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Carlos Torre Repetto vs Alexander Alekhine
Baden-Baden (1925), Baden-Baden GER, rd 1, Apr-16
English Opening: Symmetrical. Anti-Benoni Variation (A31)  ·  1/2-1/2

ANALYSIS [x]

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Kibitzer's Corner
Apr-19-05  paladin at large: What is this? Does anyone know the tournament situation and how it may have influenced them to agree to a draw after 13 and a half moves?
Apr-19-05  aw1988: Most likely the same conditions as Tartakower vs A Kramer, 1928
May-04-08
Premium Chessgames Member
  whiteshark: <paladin at large: <What is this? Does anyone know the tournament situation >>

First round game. Unsusual wording in Tarrasch's Tournament book:

'Auf Vorschlag von Weiß als remis abgebrochen.'

May-04-08
Premium Chessgames Member
  Pawn and Two: From the book, "The Life and Games of Carlos Torre": <Here Torre offered a draw. His position is good enough that Alekhine did not hesitate an instant to accept.>

In the tournament book, "Baden Baden 1925, International Chess Tournament", a comment by Zubarev: <Of course, even in the final position White's game is rather preferable. However, the fact that Alekhine accepted the offer of a draw needs to be explained not by this circumstance, but by the impression which it seems the Mexican's previous play had made on the grandmaster.>

May-04-08
Premium Chessgames Member
  Calli: "The draw was agreed on White's proposal. Of course, even in the final position White's game is rather preferable. However, the fact that Alekhine accepted the offer of a draw needs to be explained not by circumstance, but by the impression which it seems the Mexican's previous play had made on the grandmaster." --

Suburov in Grekov's Russian Tournament book as translated by Jimmy Adams.

Calli's irreverent translation --- mutual fear!

May-04-08
Premium Chessgames Member
  Calli: <Pawn and Two> I can't believe we posted that at almost the exact same time!

May-04-08
Premium Chessgames Member
  whiteshark: Tarrasch' formulation is

"On white's proposal the game was <broken off> as draw.",

so I assume there is a little story behind it.

May-04-08
Premium Chessgames Member
  Pawn and Two: <Calli> That was an interesting coincidence. Several times we posted on the same game, but posting nearly the same information at almost the same time was certainly unusual.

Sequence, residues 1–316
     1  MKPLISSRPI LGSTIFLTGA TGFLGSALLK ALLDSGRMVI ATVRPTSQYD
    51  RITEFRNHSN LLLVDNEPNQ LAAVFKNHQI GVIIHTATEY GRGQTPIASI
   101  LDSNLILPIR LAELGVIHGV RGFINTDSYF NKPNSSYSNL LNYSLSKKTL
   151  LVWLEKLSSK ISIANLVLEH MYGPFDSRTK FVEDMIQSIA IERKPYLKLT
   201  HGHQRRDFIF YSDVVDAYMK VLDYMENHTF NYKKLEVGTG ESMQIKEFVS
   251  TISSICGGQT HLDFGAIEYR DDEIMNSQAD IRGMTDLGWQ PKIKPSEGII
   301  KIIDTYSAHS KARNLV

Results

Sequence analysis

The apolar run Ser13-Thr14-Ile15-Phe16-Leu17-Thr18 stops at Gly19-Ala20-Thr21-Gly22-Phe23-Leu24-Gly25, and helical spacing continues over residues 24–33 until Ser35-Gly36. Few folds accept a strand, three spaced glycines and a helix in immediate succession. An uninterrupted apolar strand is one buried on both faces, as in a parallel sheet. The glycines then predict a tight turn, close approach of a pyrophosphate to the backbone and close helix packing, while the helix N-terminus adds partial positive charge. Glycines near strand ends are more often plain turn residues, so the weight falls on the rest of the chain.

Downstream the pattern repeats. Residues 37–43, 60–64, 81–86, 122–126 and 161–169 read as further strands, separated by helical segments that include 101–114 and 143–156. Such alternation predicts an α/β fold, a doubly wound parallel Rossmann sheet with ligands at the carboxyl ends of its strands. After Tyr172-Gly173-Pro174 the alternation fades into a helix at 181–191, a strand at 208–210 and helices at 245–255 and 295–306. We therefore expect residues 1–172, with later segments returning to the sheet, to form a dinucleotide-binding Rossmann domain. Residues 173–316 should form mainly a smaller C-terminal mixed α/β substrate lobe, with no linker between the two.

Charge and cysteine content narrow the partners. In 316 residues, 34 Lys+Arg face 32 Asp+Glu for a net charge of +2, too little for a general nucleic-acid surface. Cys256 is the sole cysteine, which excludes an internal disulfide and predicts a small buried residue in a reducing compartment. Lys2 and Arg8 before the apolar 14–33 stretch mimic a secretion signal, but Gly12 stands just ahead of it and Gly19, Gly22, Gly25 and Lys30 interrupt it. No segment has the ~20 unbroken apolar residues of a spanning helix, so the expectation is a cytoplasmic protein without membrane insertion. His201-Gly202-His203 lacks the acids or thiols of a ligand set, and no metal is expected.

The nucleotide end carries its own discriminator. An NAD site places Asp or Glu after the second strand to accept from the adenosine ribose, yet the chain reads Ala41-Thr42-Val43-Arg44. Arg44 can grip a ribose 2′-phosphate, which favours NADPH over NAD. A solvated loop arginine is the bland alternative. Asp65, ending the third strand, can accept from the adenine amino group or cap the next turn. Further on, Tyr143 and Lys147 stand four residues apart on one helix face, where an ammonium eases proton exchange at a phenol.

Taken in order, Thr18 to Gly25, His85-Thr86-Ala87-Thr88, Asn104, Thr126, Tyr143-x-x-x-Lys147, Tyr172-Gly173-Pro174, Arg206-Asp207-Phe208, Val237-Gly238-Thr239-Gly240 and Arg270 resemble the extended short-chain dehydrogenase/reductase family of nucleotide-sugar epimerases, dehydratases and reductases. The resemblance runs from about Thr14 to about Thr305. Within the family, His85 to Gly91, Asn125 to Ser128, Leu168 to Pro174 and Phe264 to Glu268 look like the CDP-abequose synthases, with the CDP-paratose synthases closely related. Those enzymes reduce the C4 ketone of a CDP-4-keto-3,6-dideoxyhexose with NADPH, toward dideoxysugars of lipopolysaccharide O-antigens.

After the tournament, both Alekhine and Torre may have been satisfied with their draw decision.

Fritz indicates White has only a slight advantage after 14.Bxd5. At 21 ply Fritz prefers 14...Rb8, although several other moves are playable.

By agreeing to the draw, Alekhine may have gained the rest needed for winning his next 9 games in a row. After this winning streak, Alekhine maintained his lead for the remainder of the tournament.

Considering Alekhine's great form in this tournament, Torre may have considered a draw was a pretty good result. Alekhine's final score was +12 =8. Also, the draw was worth a precious 1/2 point, which enabled Torre to win the 10th prize, with a score of +5-4=11.

May-04-08
Premium Chessgames Member
  Calli: My speculation is that Alekhine was always aware of his opponents history, but he probably didn't know Torre at all. He was surprised how well he played the opening, so he readily agreed to the draw. Torre was probably just nervous.

Need help on a translation: http://picasaweb.google.com/Caissa1...

Don't even know what language. Serb?

May-05-08  RookFile: Well, in the final position, white is a little better. I don't see black losing this, though.
May-05-08
Premium Chessgames Member
  whiteshark: <Calli> postcard

Text above the yellow bear is <The cleverer give in.> as question. It's written in old German script (so called 'Sütterlin' which was used/taught 1915-1941).

May-05-08
Premium Chessgames Member
  Calli: <whiteshark> Thank you! I had no idea. Changed to "more clever". Perhaps there is a better English expression, now that I know the idea. Is the text at lower left readable? Click magnifying glass for enlargement.
May-05-08
Premium Chessgames Member
  Bishoprick: But why is this game of such interest to so many?
May-05-08
Premium Chessgames Member
  whiteshark: <Calli> I'm sorry, but I can read only the few unchanged/similar letters and than puzzle for the rest of the words. But here I've nothing.
May-05-08
Premium Chessgames Member
  Calli: Sehr Gut. Nein, ich dachte nicht, dass 1915 Sie ein 'Sütterlin' Student waren {;-)
Oct-26-11  Mozart72: Any attacking piece or advancing piece on Black's side would make White's positional strength grow. On 13.Nd5 Nxd5, Whites material value is 31.9, Black's: 32.6. If 32.6 - 31.9 = 0.7, rounded to the nearest whole number = 1. And one in the standard chess relative value scale is equal to a pawn. Black has a theoretical pawn as an advantage and after 14.Bxd5, Black's material value drops to 29.9. You can't substract 31.9 - 29.9 = 2, because 2 = 1 + 1 = P + P. And you can't have seven pawns plus two theoretical pawns on either side, in this case on White's side as material advantage. So, the problem lies on what move can Black make to maintain its theoretical pawn advantage over White's positional strength.
Jul-22-17
Premium Chessgames Member
  mifralu: <whiteshark: Tarrasch' formulation is "On white's proposal the game was <broken off> as draw.", so I assume there is a little story behind it.>

Aljechin äußerte sich über die Partie: "Der Mann kann ein Genie sein. Wäre die Partie in der 2. Runde zu spielen gewesen, so hätte ich sie vielleicht nicht remis gegeben."

Karlsruher Tagblatt 17. April 1925 Abendausgabe Seite 4

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